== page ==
I think that most Internet users with an interest in privacy have heard of Tor, the system of what is called onion routing.
Onion routing is a technique for repeatedly encrypting and forwarding data through several network nodes called onion routers. Each router removes a layer of encryption to uncover routing instructions, then sends the message to the next router where this is repeated. Intermediary nodes are prevented from knowing the origin, destination, and contents of the message. (Exit nodes know both the destination and the contents.)
So, Tor is a very clever technology, and it is free, so why isn’t it used more? And why then, should anyone pay for an anonymity service?
There reason is that Tor has some rather severe limitations:
- Tor is slow. Routing through an unpredictable path takes time, and varying lengths of time.
- Tor is free. Yes, this is a serious problem. When someone owns something and generates income from it, they almost always take care of it, and usually work hard to improve it. No such efforts are routinely applied to free things. Fixing a problem at a Tor node may or may not happen; upgrading is done strictly when convenient.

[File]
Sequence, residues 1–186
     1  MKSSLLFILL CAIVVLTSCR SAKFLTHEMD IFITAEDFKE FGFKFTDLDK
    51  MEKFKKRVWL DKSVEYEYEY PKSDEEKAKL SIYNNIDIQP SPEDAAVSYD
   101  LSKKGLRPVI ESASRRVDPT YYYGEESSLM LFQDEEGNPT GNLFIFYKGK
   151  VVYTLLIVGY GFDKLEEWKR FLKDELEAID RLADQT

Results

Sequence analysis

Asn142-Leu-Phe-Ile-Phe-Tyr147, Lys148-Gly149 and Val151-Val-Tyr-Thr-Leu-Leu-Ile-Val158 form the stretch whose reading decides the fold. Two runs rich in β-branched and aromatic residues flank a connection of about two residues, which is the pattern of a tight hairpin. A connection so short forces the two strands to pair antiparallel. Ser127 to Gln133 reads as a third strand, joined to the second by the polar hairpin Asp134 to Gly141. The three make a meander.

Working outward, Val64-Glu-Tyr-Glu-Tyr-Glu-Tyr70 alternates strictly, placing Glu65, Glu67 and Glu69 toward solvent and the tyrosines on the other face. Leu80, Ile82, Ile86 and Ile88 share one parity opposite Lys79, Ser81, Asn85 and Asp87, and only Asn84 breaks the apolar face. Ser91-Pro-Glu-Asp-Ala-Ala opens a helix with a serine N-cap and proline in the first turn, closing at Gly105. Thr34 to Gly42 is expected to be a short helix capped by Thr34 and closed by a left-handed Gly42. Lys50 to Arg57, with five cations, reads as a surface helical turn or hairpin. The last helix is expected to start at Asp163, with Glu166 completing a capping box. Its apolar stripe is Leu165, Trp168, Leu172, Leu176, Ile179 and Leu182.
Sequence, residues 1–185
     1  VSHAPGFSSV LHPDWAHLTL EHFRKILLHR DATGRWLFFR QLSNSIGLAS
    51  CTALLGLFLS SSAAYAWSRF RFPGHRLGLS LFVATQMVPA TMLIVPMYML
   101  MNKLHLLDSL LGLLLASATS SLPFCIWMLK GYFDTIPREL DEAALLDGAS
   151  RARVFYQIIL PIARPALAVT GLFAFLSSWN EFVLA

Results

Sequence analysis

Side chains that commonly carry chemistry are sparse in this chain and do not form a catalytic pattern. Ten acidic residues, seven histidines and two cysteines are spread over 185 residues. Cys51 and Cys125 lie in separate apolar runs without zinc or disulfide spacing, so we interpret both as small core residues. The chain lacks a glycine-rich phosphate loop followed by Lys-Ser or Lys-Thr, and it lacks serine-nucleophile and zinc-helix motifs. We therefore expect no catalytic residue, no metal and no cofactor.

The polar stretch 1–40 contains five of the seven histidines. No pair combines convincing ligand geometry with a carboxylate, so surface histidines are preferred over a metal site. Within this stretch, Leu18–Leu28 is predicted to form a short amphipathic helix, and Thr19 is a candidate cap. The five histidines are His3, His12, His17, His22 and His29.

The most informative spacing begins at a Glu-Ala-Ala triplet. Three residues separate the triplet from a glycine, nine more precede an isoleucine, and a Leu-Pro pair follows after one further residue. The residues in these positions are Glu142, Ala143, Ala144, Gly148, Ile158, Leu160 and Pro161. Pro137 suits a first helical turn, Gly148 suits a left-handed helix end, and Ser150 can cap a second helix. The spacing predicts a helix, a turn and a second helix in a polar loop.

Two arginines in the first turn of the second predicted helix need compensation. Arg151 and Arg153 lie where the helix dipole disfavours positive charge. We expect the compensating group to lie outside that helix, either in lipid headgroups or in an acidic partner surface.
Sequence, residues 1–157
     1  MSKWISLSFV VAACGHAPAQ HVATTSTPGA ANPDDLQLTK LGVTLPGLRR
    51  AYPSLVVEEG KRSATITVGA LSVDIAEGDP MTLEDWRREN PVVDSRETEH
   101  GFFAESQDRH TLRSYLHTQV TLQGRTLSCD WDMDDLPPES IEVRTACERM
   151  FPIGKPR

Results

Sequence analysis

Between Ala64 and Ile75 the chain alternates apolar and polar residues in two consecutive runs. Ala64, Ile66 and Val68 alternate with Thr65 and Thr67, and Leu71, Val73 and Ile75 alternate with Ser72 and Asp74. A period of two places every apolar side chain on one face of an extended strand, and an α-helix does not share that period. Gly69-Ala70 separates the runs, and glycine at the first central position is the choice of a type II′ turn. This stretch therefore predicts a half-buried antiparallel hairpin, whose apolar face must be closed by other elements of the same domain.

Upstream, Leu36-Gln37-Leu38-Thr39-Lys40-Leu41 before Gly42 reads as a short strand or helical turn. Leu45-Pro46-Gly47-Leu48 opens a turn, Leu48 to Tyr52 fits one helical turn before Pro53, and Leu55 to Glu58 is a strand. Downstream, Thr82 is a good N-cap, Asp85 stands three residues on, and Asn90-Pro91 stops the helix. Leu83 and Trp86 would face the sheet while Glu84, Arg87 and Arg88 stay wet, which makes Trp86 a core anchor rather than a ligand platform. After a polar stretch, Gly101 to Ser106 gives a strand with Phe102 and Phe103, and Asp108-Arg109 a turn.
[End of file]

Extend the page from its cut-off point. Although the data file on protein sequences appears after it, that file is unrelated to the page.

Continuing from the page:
- Tor may include malicious nodes. When anyone can run a node, it’s not always nice people who do so. Think of it from a crook’s standpoint: Here we have lots of data traffic that people are trying to protect; it must be of some value. Anyone can open a node and gather information, with no path back to us – we’re just random people on the Internet, posing as humanitarians. Why not do it? When everyone (even groups like the CIA) can run a tor node anonymously and without any accountability, they can act badly and get away with it. And, in fact, several leaks of data through malicious Tor exit nodes have been confirmed.
- Tor is only for web browsing. For example, at my last check, no one was allowing email to run over their Tor node; it is simply too problematic. There are a lot more things to protect than surfing.